Loosely based on Puccini’s opera La Boheme, RENT follows the life of a group of creative friends fighting to overcome poverty in New York City’s East Village in the early 90s. Written and composed by Jonathan Larson in 1993, RENT opened on Broadway in 1996. Larson tragically passed away the night before the first preview of the show, explaining the lack of rewrites and the mediocre ending. Nonetheless, RENT went on to be one of the longest-running musicals on Broadway and had a huge cultural impact.
While not perfect, RENT is one of my favourite musicals. I walked into the Union Theatre on Saturday night with excitement. The minimalistic sets, composed of a mix of scaffolding, old rock band posters and traffic signs, resembled the original Broadway staging. The band was visible upstage, in the left corner, and an old-fashion phone booth was located downstage, on the right-hand side. This simple and cold decor set the mood from the start.
James Lugton as the awkward narrator Mark Cohen, and Caleb Ballinger as the once-successful Roger Davis, opened the show with the title number RENT. The costumes stayed true to the original Broadway version and Lugton played a believable Mark Cohen.
Unfortunately, the sound balance was off and the band was hard to hear. Today 4 U was inaudible, causing Angel, a flamboyant, HIV-positive drag queen played by William Strafford, to fall out of time. The issue seemed to be fixed later on in the show and the band, under the leadership of Kirrily Swatton, sounded amazing.
The show continued, introducing more iconic characters including Mimi Marquez, a young HIV-positive club-dancer and drug addict, portrayed by Holly Piney. Piney did a wonderful job giving life to this trouble-minded character and remained vocally strong throughout the entire show. Although there was an obvious lack of chemistry between her and Ballinger’s Roger, she made up for it by giving an impressive performance in Light My Candle, Out Tonight and Another Day.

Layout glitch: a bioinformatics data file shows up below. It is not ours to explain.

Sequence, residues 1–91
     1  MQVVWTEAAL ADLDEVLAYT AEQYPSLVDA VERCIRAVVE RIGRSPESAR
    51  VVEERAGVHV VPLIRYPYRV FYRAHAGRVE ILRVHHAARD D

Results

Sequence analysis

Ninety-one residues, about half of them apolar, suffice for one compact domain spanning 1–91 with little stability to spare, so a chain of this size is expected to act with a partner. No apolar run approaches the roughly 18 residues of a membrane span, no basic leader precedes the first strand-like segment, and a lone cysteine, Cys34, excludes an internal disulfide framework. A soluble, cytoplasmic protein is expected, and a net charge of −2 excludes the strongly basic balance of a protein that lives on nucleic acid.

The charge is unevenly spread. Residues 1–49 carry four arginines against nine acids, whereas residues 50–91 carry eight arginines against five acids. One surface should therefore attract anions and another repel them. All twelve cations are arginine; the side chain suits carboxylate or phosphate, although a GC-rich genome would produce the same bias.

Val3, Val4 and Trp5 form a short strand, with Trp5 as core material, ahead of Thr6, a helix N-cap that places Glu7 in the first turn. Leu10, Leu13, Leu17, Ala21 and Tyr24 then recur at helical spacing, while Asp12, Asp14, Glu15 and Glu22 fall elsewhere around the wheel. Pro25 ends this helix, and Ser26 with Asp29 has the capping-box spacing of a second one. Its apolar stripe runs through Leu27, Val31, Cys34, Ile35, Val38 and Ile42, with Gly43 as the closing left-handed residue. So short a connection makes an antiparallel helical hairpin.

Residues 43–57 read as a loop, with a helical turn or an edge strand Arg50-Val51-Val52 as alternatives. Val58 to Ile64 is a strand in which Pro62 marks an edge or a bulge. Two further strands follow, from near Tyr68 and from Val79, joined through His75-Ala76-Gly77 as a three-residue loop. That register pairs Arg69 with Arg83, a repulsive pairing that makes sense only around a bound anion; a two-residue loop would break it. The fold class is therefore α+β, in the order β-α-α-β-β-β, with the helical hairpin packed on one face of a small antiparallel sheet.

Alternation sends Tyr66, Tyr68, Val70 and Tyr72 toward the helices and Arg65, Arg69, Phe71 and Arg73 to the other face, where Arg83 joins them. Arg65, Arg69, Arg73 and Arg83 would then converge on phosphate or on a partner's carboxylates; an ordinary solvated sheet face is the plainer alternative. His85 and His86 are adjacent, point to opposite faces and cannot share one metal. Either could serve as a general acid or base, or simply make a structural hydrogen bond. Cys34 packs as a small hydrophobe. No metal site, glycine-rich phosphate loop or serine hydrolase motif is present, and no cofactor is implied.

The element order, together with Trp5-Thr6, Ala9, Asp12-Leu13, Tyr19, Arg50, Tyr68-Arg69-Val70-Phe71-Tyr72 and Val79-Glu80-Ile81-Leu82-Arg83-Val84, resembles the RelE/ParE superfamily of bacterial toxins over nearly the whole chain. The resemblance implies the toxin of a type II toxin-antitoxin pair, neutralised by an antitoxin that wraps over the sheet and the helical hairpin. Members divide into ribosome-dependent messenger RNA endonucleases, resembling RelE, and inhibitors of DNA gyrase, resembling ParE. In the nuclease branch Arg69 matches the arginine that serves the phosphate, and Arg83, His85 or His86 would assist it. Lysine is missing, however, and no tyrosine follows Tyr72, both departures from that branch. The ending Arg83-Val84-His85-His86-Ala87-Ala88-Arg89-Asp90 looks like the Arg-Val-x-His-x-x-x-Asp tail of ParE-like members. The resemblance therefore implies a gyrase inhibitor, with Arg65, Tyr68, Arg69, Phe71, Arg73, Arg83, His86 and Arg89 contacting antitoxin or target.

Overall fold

On the other hand, Stafford’s Angel and Lewis Forrester’s Tom Collins had me shed a tear during their passionate duet I’ll Cover You. Even though he struggled reaching the lower notes, Forrester seemed to understand his character well and his overall performance was powerful. Stafford was adorable and touching as Angel, although his make-up was too minimal. He is a drag queen after all, not just a man in a wig.
Kelsey Rettino, portraying the Harvard-educated lesbian-lawyer Joanne Jefferson, was one of the highlights of the show. She was witty, sassy and her vocal performance was strong. She also showed off her dance moves in Tango Maureen, during an impressive routine with Lugton. Her love interest, Maureen Johnson, was portrayed by Claire Ferguson. Ferguson was absolutely fantastic as Maureen. Her adaption of Over the Moon was incredible: she was really playful and formed a strong connection with the audience. She offered strong performances during iconic numbers such as La Vie Boheme and Take Me or Leave Me.
The rather large ensemble was generally good, although hard to hear due to the lack of microphones. Special mention has to go to Lydia Bell, who played several roles as well as being assistant director. Her performance as HIV-positive Steve (re-named Stevie) was touching in Life Support, a number about living with AIDS. She later came on as Mark’s mother, the hilarious Mrs. Cohen. Tombi Lloyd should also be commended for her hilarious portrayal of the minor character Alexi Darling.
The overall direction of the show, while very much inspired by the original Broadway production, was good. I was worried that the Union Theatre would be too large for such a small-scale musical, but director Kate Douglas made it work and used the space efficiently. However, character work was cruelly lacking. While some performers had a very good understanding of their characters and the socio-economic climate of the early 90s, most actors seemed to be taking the whole production as a joke.
Loz McIntosh and Katrina Bell’s choreography was simple but enjoyable. The lighting design complemented the bare and cold sets quite well, reinforcing the bleak atmosphere of the production. Stage management needs to be commended for quick and efficient scene transitions.
Overall, Whitley College offered an energetic and touching production of Larson’s RENT. While the direction was lacking original ideas, the show was fun to watch and offered a few incredible numbers performed by young and talented actors.
Whitley College’s production of RENT ran from August 18th – 20th in the Union Theatre.